I WAS only few hundred metres from home on my daily walk. Two birds flew across my eyes swiftly. It felt like an arrow. They were so fast, but I managed to identify that a wattle bird was chasing an eastern rosella. I was in awe of their speed and admiring their nimble flying ability.
Next second I heard a heavy thud. The eastern rosella hit the wall of a house and with a dull sound fell to the ground near the rainwater tank. It didn’t move for a good few minutes. It was hard to tell from the distance but one of its wings seemed damaged.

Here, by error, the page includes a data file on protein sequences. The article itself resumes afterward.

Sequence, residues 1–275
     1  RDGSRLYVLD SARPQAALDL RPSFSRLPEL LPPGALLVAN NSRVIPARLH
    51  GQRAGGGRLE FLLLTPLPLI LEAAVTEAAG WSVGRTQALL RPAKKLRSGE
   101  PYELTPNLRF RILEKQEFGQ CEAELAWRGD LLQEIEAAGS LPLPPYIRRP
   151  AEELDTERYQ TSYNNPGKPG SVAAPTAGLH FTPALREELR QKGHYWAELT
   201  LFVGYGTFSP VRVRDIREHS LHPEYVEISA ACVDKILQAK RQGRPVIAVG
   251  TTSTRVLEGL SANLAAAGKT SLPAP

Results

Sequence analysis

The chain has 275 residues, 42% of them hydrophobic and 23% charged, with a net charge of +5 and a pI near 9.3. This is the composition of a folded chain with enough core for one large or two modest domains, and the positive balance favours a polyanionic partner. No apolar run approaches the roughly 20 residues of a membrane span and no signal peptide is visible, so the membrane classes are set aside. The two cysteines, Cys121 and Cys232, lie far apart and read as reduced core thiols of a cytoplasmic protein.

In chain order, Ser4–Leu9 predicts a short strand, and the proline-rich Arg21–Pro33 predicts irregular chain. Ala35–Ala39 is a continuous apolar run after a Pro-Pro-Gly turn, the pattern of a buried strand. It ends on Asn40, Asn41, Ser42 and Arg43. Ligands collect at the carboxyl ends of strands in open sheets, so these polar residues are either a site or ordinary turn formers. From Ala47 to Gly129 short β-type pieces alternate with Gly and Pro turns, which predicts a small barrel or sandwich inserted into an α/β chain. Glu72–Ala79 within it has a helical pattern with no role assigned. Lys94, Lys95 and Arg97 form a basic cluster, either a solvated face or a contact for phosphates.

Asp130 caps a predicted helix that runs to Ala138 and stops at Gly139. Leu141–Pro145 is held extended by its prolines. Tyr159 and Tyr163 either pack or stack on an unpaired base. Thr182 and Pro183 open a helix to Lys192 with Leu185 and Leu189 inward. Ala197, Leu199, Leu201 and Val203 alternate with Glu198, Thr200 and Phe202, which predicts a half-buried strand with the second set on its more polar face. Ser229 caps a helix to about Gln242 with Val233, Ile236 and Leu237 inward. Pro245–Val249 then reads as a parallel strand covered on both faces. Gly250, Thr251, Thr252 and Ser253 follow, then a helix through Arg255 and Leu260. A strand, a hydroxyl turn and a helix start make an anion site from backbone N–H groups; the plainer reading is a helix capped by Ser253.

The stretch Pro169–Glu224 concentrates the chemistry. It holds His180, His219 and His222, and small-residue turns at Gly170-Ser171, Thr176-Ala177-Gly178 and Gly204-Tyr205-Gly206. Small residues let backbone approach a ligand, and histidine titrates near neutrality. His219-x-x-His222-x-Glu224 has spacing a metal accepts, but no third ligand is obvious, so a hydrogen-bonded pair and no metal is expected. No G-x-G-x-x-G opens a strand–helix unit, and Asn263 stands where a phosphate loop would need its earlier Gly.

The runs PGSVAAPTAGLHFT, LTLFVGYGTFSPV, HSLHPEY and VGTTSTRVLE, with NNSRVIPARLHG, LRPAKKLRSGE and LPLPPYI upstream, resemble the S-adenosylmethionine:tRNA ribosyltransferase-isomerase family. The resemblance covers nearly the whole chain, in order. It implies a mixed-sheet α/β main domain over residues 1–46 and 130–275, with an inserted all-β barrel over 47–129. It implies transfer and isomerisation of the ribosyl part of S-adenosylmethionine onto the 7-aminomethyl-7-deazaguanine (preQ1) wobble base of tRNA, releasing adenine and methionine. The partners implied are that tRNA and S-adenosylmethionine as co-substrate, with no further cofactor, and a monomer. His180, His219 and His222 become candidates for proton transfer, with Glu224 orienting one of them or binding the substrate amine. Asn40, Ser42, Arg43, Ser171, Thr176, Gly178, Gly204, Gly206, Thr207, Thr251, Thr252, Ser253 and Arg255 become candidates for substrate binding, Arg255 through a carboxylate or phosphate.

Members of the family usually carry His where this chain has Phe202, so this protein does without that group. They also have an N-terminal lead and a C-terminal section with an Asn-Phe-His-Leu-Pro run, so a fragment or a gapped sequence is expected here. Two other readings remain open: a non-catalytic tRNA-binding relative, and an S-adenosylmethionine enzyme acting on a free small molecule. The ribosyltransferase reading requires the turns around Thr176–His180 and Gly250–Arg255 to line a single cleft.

Satisfied with the chase, the wattle bird was long gone, had flown away from the scene. Here I was hopelessly left alone with the possibly injured bird, with no clue what to do to save this tiny creature. One thing was clear. I couldn’t keep on walking as if I hadn’t witnessed anything. I had to do something, but I didn’t know what. I felt an urge at least to tell someone to offload my laden chest. Witnessing the fallen bird was simply too weighty for me to carry. Luckily Rob was home, working on our front garden so I returned home to tell him what I had just witnessed. I realised I was quite upset when I was telling him about the poor bird.